Can I access my super to see me through times of financial hardship?
On top of the usual ways members can access their super money, it is common for people to start looking at their superannuation balances when under financial stress. However, although it is your personal superannuation account, it is generally difficult to withdraw any benefits from it until retirement. For most of us, our superannuation benefits are ‘preserved’, which basically stops people from accessing their super monies until certain requirements are met.
These requirements are called a ‘condition of release’ and the most common is retirement from the workforce from age 55 (for those born before 1 July 1960). There are circumstances where a member may access their preserved superannuation benefits before retirement and we have discussed the main methods below:
Do you have any unrestricted non-preserved benefits?
The first step would be to check your super fund statement to see if you have any unrestricted non-preserved benefits, as these are able to be withdrawn from your super at any time.
You might have unrestricted non-preserved benefits if you have had a superannuation account for longer than 15 years. For example, personal contributions made to a super fund before 1 July 1999 were not preserved, so it’s possible for members with accounts held before 30 June 1999 to have access to a portion of their superannuation benefit.
Do you meet the rules around severe financial hardship?
Another method of accessing superannuation benefits before retirement is via ‘severe financial hardship’. It would be wise to check with your particular superannuation fund as it’s possible that the fund may not release benefits under financial hardship provisions. There are also specific requirements that must be met in order to withdraw super under this method, and this includes that a person:
- Has been receiving Commonwealth income support payments for a continuous period of 26 weeks; and
- Is unable to meet reasonable and immediate family-living expenses.
In addition, under the severe financial hardship provisions, if you meet the above requirements the payment must be a single gross lump sum of no more than $10,000 and no less than $1,000 (or a lesser amount if the member’s benefits are less than $1,000). Moreover, only one payment is permitted in any 12-month period.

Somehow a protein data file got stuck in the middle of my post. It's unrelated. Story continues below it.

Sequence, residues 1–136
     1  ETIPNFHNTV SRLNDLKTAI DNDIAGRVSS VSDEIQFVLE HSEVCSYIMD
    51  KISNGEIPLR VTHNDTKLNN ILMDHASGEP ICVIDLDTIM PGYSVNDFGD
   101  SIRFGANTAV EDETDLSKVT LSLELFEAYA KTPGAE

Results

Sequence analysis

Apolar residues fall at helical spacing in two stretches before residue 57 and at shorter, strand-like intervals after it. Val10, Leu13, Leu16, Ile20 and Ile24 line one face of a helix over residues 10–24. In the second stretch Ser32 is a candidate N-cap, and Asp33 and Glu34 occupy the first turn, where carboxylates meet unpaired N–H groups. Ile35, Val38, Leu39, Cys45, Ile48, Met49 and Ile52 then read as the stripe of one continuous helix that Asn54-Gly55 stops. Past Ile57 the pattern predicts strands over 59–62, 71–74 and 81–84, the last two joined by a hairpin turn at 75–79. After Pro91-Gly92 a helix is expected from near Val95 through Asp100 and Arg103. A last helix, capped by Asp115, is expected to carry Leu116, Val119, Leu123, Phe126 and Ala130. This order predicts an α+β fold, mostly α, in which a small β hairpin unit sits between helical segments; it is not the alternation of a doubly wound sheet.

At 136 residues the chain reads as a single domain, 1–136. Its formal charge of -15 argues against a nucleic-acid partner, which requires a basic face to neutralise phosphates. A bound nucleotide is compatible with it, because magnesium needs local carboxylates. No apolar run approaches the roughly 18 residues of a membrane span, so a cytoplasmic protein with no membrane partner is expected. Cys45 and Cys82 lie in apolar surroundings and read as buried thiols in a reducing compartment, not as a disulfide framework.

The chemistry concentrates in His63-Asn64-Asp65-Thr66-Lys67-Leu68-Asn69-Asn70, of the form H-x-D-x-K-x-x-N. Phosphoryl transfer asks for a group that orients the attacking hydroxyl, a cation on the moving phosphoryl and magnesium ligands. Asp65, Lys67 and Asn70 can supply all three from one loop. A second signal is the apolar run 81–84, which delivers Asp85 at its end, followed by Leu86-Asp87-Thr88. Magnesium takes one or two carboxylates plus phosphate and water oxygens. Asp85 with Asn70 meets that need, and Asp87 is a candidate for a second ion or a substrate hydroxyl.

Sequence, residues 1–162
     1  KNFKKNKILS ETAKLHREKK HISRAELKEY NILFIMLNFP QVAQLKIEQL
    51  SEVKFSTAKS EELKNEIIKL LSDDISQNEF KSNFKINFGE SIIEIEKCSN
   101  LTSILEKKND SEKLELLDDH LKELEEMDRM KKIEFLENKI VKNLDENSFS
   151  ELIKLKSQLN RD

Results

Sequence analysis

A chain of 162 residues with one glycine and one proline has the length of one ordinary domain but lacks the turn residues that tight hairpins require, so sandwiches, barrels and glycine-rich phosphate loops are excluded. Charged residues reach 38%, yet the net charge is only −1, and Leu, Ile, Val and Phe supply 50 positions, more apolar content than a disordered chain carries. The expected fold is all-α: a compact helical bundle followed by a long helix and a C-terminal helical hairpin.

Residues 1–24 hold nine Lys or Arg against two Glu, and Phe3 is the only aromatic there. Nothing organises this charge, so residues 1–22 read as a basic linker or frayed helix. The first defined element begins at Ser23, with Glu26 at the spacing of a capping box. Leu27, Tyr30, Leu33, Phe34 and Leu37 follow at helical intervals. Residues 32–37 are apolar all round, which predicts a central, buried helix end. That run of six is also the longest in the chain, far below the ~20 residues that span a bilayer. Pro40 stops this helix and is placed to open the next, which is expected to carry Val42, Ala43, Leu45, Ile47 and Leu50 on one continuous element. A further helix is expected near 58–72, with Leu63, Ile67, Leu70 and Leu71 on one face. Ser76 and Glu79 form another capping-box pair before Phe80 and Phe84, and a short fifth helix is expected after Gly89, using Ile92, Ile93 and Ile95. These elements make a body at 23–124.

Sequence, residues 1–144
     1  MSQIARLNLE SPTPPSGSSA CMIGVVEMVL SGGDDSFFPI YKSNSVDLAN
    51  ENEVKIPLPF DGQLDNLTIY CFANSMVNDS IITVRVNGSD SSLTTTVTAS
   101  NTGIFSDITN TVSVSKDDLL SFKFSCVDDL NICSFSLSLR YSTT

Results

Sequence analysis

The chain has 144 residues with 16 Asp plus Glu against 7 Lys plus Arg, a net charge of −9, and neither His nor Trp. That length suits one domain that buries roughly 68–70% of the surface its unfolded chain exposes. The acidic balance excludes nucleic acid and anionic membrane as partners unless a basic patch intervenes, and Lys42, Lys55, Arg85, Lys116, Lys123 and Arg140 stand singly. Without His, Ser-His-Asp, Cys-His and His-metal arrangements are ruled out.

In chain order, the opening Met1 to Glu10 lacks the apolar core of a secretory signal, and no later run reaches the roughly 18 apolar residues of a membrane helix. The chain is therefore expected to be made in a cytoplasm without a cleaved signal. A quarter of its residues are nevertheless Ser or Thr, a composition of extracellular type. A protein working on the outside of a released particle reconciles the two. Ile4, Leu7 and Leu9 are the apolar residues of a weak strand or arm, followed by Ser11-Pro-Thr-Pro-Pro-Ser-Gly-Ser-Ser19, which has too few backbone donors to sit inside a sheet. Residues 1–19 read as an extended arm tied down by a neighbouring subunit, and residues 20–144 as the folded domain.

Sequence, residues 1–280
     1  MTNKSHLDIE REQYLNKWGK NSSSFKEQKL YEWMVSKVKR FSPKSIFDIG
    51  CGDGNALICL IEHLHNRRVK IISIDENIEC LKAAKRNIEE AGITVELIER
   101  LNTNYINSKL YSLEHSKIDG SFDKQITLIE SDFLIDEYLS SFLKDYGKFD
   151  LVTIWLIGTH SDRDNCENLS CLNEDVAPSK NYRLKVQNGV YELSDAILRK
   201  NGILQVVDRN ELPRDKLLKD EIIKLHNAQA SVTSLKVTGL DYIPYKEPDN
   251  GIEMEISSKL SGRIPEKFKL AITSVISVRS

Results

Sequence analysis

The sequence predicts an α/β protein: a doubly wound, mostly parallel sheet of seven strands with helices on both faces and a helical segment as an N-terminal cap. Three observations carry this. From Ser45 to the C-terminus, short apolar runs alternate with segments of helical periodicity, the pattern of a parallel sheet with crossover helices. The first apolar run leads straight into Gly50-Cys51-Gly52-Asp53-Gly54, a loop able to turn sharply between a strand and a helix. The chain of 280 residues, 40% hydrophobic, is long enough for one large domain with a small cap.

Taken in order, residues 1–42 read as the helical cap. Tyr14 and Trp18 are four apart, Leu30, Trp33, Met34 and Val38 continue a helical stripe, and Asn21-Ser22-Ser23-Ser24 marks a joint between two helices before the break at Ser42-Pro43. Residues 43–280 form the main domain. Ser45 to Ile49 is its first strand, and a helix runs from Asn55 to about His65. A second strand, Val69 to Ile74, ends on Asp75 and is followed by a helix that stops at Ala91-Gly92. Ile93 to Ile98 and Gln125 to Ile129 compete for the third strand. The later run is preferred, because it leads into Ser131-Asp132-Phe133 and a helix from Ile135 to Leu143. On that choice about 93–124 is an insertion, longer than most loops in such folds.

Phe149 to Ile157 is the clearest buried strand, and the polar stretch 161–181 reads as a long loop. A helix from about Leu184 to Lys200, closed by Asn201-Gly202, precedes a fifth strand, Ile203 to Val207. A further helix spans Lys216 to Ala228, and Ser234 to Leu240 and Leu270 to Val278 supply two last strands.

Is there basis to withdraw superannuation benefits under compassionate grounds?
There is an ability to access preserved superannuation benefits via the ‘compassionate grounds’ condition of release – however, not all superannuation funds may allow withdrawal in this instance.
There are specific and limited options for release of benefits under compassionate grounds. These include that the payment is for medical expenses, to prevent foreclosure of a mortgage on your home, to pay for home or car modifications for severe disability, expenses for palliative care, and funeral expenses.
A superannuation fund member who believes they might be eligible for the release of their preserved benefits under compassionate grounds is able to do so through the Department of Human Services.
Have you suffered termination of gainful employment where your employer contributed to your member account?
There is an ability to access superannuation before retirement under a condition of release called ‘termination of gainful employment’.
This is only available when an employer has contributed to your superannuation fund and the preserved benefits are taken as a lifetime pension that can’t be commuted into a lump sum (unless the preserved benefits are less than $200, in which case the member can cash the benefits without restriction).
Can you withdraw superannuation benefits due to incapacity and illness?
When someone suffers a permanent incapacity and they are unable to engage in employment for which they are qualified, they are generally able to have full access to their preserved benefits before reaching preservation age.
Also, for members suffering temporary incapacity, there is an ability to receive a non-commutable income stream as long as certain conditions are met. In addition, full access to super benefits will be granted when a member has been diagnosed with a terminal illness – again, as long as the trustee can meet specific requirements.
Are you confused by the rules and regulations for taking out your superannuation benefits early? Aquila’s experts are on hand and able to help you understand your rights and options. Contact us today for a whole range of support.